Bucs overcome 3 errors for series win vs. Giants

Bucs overcome 3 errors for series win vs. Giants

PITTSBURGH -- Pirates manager Clint Hurdle has an expression for the "gamer" attitude his players use to overcome their own rash of mistakes to post the Majors' third best record: "So what? Now what?"

The Pirates played their ultimate "So what? Now what?" game Sunday night, downing the Giants, 5-2, despite a series of physical and mental errors in the middle innings. After two fielding errors by first baseman Pedro Alvarez and a throwing error by second baseman Neil Walker gifted the Giants with two runs to trim the Bucs' lead to 3-2, homers by Andrew McCutchen in the sixth and Alvarez in the seventh restored order.

"We've had enough experience as a team to be resilient," said Hurdle, referring to the club's 90 errors and 51 unearned runs allowed. "But there will be days they will burn you. You will not always come out on the other side of it. But you've still gotta play forward, and rip off the rearview mirror."

With their ninth win in 11 games, the Pirates remained within 3 1/2 games of National League Central-leading St. Louis. Despite three losses in the four game series, the Giants gained a half-game on the NL West-leading Dodgers, returning home 1 1/2 games out.

Francisco Liriano allowed the two unearned runs in 5 1/3 innings for his fifth consecutive victory on Sunday. The Bucs have won the left-hander's last 10 starts since June 26.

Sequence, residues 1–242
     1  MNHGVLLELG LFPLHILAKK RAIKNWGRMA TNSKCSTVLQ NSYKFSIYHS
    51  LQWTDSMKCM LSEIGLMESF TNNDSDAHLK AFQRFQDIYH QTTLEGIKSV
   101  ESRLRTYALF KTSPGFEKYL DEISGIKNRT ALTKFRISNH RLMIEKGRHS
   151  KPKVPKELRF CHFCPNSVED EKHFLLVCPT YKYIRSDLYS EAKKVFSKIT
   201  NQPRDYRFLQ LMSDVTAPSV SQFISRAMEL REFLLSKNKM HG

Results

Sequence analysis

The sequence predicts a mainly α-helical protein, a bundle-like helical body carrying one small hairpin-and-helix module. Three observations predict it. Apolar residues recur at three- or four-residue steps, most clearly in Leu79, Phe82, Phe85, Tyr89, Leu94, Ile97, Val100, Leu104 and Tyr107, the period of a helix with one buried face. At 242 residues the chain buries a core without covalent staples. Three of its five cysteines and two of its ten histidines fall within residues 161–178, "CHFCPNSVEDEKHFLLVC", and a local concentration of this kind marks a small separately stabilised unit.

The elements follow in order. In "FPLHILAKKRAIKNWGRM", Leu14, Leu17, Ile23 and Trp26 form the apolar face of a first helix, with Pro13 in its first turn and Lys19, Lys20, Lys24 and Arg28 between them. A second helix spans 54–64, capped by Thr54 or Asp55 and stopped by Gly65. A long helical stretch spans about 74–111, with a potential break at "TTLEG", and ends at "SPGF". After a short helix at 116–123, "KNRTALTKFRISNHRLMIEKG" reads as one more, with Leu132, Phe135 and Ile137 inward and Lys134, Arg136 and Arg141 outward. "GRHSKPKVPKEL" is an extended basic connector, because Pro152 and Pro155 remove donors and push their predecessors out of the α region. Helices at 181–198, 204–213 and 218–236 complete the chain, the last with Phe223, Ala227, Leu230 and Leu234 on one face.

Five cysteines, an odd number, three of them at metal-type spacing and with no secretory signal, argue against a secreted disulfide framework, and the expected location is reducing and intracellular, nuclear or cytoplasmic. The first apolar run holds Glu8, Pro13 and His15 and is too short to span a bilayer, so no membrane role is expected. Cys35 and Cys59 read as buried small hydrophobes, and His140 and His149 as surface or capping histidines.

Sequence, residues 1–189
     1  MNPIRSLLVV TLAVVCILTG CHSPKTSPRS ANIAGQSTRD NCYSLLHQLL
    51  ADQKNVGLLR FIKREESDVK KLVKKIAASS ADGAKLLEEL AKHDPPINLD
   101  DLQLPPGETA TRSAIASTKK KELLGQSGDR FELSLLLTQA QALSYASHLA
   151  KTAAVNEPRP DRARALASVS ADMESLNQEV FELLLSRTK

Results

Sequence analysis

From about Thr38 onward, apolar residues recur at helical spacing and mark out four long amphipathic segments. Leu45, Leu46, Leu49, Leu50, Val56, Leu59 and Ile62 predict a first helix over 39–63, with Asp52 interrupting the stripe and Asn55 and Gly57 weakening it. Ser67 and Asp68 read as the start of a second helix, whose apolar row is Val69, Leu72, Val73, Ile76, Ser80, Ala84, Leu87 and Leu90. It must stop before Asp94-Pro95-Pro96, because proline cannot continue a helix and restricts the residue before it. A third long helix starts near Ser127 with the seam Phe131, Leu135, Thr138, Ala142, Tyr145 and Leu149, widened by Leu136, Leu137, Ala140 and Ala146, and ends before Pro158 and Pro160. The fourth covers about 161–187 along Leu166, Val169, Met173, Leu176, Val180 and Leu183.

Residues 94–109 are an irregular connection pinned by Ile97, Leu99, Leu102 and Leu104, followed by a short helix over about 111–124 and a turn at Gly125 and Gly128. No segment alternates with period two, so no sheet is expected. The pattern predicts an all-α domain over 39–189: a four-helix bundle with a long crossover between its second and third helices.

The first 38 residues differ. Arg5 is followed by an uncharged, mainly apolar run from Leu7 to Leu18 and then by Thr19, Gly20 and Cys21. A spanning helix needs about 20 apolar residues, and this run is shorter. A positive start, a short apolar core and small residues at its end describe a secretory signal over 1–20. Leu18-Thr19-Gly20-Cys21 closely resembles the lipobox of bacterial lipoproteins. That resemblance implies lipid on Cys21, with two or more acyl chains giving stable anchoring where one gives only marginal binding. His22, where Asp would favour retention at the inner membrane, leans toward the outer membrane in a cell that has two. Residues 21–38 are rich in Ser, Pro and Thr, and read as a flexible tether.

Right-hander Ryan Vogelsong kept the Bucs off the scoreboard after a three-run first, but he remained shaky and lasted only 3 1/3 innings. He allowed seven hits and issued four walks.

Alvarez, McCutchen provide pop: Most of the Bucs' first-inning 3-0 lead was gone by the time the bottom of the sixth rolled around. Then McCutchen hit his 19th homer with two outs in the sixth, and Alvarez connected for his 20th in the seventh.

"Both of those guys were looking for pitches out over the plate, and when they got pitches up, they didn't miss them," Hurdle said.

McCutchen's solo homer

Where's the fire? The Bucs had just the fireman to put it out. Arquimedes Caminero induced an inning-ending double play with the tying run on second in the sixth. Then the relay of Joakim Soria, Tony Watson and Mark Melancon -- the later posting his 39th save -- brought the nails. More >

Melancon closes out the win

Ground ruled: Down, 4-2, with two outs in the seventh, the Giants had the go-ahead run at the plate after Andrew Susac walked and Brandon Crawford laced a ground-rule double, but Brandon Belt flied out to center. San Francisco was a bit unlucky that Crawford's shot to the gap in left-center bounced into the stands. Susac was moving on the pitch and easily would have reached home, but he was directed back to third base after the ball went out of play.


"That's a run. Not much you can do with that. It's a pretty good situation, with Belt coming off the bench there. That's a big run at that point," Giants manager Bruce Bochy said. More >

Liriano picks up his infield: After Walker's error in the fifth inning put runners on first and third with one out, and an error by Alvarez let one run in while leaving two men on base, Liriano fanned Susac and retired Crawford on a comebacker to keep the Pirates' 3-1 lead.